• Alcohol: Drivers are to refrain from consuming alcohol 12 hours before on-track activity. A blood-alcohol content of 0.02 is considered unfit to drive.
• Dietary supplements, masking agents and substances that mimic effects of banned substances.
The test itself
NASCAR hired Aegis Sciences Corporation to conduct its testing at the track. A driver must take the test within one hour of being notified. It is up to the Aegis representative if the driver must be watched while taking the test or can go into a stall to urinate. The temperature of the specimen is measured, and then the specimen is split an A and a B sample. The driver is given a form to list all medications.
What happens if positive?
If the test comes back positive, it is then handled by NASCAR’s medical review officer, Dr. Douglas Ackerman.
If Ackerman is concerned about the safety and integrity of the race, he can notify NASCAR before verification of the results and then NASCAR can take immediate action.
“Upon notification of the original A specimen positive test, NASCAR, in its sole discretion, may temporarily suspend a NASCAR Member’s license before the B sample test is completed based on … concerns regarding the safety of the NASCAR members and others at the event (or) concerns regarding the fairness of a competition (or) exigent circumstances,” the rulebook states.
Those were the guidelines NASCAR used to suspend Allmendinger on Saturday on short notice. Considering the time it takes for the samples to get to the lab and the couple days to run the tests on a regular laboratory schedule — as well as there the July 4 holiday before Saturday’s Daytona race — it is not rare for a week to pass before the initial results are determined.
The process that then began Saturday for Allmendinger:
• A driver has 72 hours from the time of notification to give proof of prescription drugs.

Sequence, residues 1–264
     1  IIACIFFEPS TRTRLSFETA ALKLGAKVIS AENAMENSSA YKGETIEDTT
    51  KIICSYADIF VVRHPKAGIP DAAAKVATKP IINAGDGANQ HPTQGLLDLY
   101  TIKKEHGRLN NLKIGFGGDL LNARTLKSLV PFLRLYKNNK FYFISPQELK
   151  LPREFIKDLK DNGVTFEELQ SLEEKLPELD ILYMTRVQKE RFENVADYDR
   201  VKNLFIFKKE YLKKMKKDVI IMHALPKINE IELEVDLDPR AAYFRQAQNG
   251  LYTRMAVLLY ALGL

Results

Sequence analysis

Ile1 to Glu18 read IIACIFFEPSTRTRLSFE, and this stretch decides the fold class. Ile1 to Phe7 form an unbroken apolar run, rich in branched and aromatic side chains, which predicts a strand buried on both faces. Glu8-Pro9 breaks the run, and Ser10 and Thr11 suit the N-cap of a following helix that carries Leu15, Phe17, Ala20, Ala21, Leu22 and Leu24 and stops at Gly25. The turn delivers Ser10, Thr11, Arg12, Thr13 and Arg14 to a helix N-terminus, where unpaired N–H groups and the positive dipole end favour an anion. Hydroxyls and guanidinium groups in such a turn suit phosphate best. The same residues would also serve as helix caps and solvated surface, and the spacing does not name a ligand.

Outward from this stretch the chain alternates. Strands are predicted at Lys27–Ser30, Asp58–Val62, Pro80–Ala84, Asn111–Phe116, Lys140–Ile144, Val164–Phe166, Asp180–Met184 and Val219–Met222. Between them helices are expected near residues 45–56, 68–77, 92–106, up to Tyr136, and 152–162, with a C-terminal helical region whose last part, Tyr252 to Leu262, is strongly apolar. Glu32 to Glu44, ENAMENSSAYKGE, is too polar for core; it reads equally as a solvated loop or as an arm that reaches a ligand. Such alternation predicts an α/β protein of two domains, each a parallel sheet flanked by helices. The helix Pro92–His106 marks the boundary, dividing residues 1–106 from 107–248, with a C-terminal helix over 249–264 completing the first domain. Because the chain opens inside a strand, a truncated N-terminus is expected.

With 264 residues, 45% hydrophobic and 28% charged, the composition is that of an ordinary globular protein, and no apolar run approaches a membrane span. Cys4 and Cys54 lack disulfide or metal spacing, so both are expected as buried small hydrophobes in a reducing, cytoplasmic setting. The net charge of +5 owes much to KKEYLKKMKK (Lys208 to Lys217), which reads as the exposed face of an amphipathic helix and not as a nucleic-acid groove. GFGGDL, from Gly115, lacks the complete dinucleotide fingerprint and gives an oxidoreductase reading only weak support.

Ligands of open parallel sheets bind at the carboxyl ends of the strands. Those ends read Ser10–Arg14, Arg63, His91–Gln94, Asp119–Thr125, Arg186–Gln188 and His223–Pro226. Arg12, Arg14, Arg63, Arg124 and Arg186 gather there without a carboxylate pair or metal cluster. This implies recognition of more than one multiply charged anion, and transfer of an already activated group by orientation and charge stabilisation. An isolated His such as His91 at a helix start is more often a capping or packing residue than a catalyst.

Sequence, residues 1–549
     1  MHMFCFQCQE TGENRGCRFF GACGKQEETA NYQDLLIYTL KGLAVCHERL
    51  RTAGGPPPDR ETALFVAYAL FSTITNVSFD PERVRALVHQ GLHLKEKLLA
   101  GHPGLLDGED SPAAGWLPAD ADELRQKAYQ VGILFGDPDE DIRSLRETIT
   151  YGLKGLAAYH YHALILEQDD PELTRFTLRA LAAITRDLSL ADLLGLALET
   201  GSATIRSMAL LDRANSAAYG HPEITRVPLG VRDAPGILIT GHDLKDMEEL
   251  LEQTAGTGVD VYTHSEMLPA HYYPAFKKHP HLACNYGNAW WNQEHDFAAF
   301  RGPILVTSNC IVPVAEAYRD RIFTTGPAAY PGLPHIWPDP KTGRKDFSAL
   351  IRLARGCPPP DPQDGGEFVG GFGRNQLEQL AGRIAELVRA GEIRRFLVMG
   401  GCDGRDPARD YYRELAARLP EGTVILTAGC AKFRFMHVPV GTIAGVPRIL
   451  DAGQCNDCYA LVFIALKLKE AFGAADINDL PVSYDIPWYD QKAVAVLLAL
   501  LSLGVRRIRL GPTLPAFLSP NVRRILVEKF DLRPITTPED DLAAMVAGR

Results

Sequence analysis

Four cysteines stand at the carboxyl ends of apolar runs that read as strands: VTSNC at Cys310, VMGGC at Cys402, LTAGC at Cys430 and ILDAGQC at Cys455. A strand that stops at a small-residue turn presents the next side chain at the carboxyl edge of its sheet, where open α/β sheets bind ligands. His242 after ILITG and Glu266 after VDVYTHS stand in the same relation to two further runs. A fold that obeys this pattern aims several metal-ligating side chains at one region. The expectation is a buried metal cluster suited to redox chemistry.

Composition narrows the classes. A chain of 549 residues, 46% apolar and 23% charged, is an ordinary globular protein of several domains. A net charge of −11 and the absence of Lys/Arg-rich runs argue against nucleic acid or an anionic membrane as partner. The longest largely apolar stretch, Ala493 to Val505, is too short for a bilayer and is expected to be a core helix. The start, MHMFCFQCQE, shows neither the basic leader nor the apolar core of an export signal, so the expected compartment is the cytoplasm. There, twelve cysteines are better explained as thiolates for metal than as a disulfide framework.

• A driver has 72 hours to ask for his B sample to be tested. Aegis will test the B sample, and the driver can watch the test being conducted. A driver also can have a qualified toxicologist not affiliated with Aegis watch the test.
• If the B sample is negative, the driver is not considered in violation of the rules.
• If the B sample is positive, a driver will be indefinitely suspended or receive “other disciplinary action deemed appropriate under the circumstances.”
Once a driver violates the policy, the driver must agree to NASCAR’s terms and conditions to get reinstated. The driver will be evaluated by a substance abuse professional, who will create a recovery plan “that may include substance abuse counseling, treatment or rehabilitation.” The program administrator will determine how many times the driver will be tested, or how long and for what substances.
Although NASCAR typically does not announce the drug in a driver’s positive test, its policy allows for that disclosure.
“By seeking to participate in any NASCAR Event, all NASCAR Members agree that NASCAR may publish the results of any test or tests conducted pursuant to this Policy and the circumstances giving rise to such test or tests to such third parties as NASCAR, in its sole discretion, deems reasonable under the circumstances,” NASCAR’s rulebook states.
Via The Sporting News By Bob Pockrass